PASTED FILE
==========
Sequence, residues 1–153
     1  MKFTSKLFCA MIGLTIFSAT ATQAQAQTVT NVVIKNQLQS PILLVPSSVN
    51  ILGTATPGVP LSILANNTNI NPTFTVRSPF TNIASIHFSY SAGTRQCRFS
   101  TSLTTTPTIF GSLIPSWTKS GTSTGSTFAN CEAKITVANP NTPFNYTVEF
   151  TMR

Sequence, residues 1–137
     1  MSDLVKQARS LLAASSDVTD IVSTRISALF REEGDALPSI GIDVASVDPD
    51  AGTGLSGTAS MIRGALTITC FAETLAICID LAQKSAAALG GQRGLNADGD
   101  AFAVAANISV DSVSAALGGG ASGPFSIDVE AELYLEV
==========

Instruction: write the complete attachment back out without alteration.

Sequence, residues 1–153
     1  MKFTSKLFCA MIGLTIFSAT ATQAQAQTVT NVVIKNQLQS PILLVPSSVN
    51  ILGTATPGVP LSILANNTNI NPTFTVRSPF TNIASIHFSY SAGTRQCRFS
   101  TSLTTTPTIF GSLIPSWTKS GTSTGSTFAN CEAKITVANP NTPFNYTVEF
   151  TMR

Sequence, residues 1–137
     1  MSDLVKQARS LLAASSDVTD IVSTRISALF REEGDALPSI GIDVASVDPD
    51  AGTGLSGTAS MIRGALTITC FAETLAICID LAQKSAAALG GQRGLNADGD
   101  AFAVAANISV DSVSAALGGG ASGPFSIDVE AELYLEV